Knee Ankle Foot (KAFO) Orthosis Explained
A well-designed and fitted KAFO orthosis should augment weight-bearing stability in stance and assist forward progression.
Each KAFO is custom-made to the specific requirements of the individual. There are numerous design options available that make the orthotic device both functional and comfortable. A detailed evaluation of the patient allows us to suggest the best available component combination.
What does a KAFO do for lower limb weakness?
A KAFO device is a long-leg orthosis that spans the knee, the ankle, and the foot in an effort to stabilize the joints and assist the muscles of the leg. While there are several common indications for using this lower limb device, muscle weakness and paralysis of the leg are the ones most frequently indicated. The most common causes of muscle weakness include:
- Muscular Dystrophy
- Multiple Sclerosis
- Spinal cord injury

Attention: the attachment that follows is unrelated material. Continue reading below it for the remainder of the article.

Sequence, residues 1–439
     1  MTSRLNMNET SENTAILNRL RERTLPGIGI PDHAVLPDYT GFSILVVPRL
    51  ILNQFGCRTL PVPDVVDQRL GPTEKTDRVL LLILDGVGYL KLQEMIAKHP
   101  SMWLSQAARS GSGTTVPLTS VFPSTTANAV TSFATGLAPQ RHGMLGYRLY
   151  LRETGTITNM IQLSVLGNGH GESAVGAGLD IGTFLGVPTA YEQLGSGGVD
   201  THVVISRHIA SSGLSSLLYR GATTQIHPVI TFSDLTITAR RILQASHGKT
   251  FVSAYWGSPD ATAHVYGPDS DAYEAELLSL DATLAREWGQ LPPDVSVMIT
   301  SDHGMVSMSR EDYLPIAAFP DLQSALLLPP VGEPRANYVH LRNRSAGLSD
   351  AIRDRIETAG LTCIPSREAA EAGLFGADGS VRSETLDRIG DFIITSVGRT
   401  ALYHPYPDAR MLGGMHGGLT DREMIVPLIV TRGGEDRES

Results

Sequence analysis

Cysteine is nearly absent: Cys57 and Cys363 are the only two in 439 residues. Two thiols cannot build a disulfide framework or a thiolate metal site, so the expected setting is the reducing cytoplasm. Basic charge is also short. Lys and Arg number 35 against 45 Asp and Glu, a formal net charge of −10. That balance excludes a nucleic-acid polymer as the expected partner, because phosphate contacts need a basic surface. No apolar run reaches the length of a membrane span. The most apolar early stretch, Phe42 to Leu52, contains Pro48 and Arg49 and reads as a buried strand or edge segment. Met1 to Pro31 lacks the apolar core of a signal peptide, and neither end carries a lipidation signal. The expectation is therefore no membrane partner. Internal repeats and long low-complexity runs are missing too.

A knee-ankle-foot orthosis (KAFO) consists of a plastic AFO or an AFO with metal uprights, a mechanical knee joint, and a plastic thigh cuff or 2 metal thigh bands. KAFO’s can be used in quadriceps paralysis or weakness to maintain knee stability and control flexible genu valgum or varum.
KAFO’s are also used to limit the weight bearing of the thigh, leg, and foot with quadrilateral or ischial containment brim. A KAFO is more difficult to don and doff than an AFO, so it is not recommended for patients who have moderate-to-severe cognitive dysfunction.
If you would like to learn more about how this device might fit your specific condition, we are happy to help with your questions and getting the process started. Contact a practitioner below to take the first step.